Light bites for the backyard barbecue

By , a staff writer of The Christian Science Monitor

The traditional backyard barbecue usually includes foods like hot dogs, hamburgers, potato salad, char-broiled hamburger, and ice cream. This is a great menu for hearty eaters, and on such occasions eating is often the main event. But there's no reason why you can't make a few changes in the menu to allow you to eat with pleasure but perhaps in more moderation.

Here are some ideas. Instead of chips and dip, have lots of raw, crisp vegetables, toasted tortillas sprinkled with chili powder, or a light cheese spread.

Grilled chicken with lemon or lime and yogurt sauce can be a good substitute for hamburgers and hot dogs. Chicken parts work well, and you might try chicken wings with a tasty sauce. For another variation, put chicken chunks on a skewer. Grilled fish or lean meat cuts marinated in lemon juice and herbs are another possibility.

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When making the potato salad, leave the skins on the potatoes. Cut down on the mayo or use yogurt instead for part of the dressing.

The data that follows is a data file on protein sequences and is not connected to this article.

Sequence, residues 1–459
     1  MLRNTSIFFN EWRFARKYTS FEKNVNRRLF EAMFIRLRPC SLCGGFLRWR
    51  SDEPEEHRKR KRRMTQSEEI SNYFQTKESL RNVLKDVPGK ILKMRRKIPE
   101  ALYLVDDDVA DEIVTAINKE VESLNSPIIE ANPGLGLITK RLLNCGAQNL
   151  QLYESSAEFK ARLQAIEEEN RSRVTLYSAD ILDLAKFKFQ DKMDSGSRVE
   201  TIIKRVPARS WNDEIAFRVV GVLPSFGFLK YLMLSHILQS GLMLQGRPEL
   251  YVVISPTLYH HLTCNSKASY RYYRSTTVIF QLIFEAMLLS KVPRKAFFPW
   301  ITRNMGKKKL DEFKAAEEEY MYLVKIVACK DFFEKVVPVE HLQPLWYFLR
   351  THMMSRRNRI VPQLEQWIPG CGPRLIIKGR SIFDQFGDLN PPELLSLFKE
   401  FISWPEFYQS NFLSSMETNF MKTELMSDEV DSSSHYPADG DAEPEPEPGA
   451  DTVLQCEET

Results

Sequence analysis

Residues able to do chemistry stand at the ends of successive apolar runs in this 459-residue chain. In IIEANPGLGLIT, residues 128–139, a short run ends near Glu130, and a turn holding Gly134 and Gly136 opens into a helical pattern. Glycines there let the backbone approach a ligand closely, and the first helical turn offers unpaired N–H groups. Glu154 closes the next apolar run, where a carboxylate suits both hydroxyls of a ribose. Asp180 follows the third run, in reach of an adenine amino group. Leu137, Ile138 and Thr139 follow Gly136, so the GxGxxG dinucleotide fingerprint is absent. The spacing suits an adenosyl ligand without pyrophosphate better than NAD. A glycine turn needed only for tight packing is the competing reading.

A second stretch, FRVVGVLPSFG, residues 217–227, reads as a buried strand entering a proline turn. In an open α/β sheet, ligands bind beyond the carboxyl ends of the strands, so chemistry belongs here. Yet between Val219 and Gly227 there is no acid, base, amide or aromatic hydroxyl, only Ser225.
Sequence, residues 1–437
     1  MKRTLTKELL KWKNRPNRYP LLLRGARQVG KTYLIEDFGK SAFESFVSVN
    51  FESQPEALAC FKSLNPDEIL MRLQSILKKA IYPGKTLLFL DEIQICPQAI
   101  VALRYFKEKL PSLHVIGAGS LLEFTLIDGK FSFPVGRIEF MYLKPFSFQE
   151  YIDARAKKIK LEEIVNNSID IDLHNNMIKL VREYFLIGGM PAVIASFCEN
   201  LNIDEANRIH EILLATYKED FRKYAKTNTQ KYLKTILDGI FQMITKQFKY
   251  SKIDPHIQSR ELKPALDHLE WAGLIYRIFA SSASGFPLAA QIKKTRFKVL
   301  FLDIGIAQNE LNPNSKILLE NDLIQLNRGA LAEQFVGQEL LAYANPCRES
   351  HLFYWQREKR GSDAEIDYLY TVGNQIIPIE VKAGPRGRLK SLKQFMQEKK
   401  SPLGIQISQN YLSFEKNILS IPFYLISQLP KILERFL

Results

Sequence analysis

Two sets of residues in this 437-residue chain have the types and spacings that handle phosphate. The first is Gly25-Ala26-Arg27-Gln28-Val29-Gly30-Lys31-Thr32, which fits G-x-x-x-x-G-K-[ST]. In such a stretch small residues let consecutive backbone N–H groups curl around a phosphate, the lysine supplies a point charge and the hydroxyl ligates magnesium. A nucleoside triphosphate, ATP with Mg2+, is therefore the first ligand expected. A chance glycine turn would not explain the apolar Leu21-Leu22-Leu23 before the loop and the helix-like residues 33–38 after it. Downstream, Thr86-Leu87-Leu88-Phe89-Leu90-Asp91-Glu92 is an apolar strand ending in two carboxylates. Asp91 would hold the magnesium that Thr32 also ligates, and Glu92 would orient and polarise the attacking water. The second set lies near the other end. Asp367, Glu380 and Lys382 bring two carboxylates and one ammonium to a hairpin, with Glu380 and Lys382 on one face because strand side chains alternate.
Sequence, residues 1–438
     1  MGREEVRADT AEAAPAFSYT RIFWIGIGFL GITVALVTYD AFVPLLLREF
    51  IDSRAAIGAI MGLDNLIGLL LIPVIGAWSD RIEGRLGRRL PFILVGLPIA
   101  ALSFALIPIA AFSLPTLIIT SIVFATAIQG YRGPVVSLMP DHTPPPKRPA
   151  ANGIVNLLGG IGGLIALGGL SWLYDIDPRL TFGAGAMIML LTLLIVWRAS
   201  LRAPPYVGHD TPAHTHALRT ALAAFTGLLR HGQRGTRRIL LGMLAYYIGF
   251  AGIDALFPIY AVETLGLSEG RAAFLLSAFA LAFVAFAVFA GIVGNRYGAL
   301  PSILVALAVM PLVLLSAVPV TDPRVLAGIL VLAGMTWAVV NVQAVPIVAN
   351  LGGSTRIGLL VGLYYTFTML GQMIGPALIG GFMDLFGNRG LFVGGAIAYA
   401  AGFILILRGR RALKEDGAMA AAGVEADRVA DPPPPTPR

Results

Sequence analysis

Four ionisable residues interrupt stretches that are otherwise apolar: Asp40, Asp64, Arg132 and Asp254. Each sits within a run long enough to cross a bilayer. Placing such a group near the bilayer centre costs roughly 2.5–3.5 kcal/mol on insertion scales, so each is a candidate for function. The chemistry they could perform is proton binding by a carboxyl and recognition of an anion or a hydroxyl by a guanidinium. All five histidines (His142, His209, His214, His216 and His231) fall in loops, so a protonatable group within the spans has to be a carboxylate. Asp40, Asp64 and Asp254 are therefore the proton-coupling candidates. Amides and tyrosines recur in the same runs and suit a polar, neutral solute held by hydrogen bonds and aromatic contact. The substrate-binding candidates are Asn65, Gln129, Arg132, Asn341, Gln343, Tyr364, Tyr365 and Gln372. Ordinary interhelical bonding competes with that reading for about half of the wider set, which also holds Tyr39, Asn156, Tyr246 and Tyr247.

Whole-wheat rolls are a good addition, and fresh fruit such as cantaloupe or fresh peaches with frozen raspberries are good desserts. You could also try ice milk or strawberry popsicles.

Plenty of fruit juice is always welcome, as is iced mint tea or lemonade.

Here are some tips for the grill.

Set the grill high, away from coals to keep the temperature low.

Avoid using butter, margarine, or oily sauces before cooking. Nonfatty sauces can keep meat moist.

Use the grill cover if you have one. Food will cook faster with lower heat.

Stay away from the grill when you're not actually cooking.

Precook some meats in the oven. This allows a shorter cooking time on the grill.

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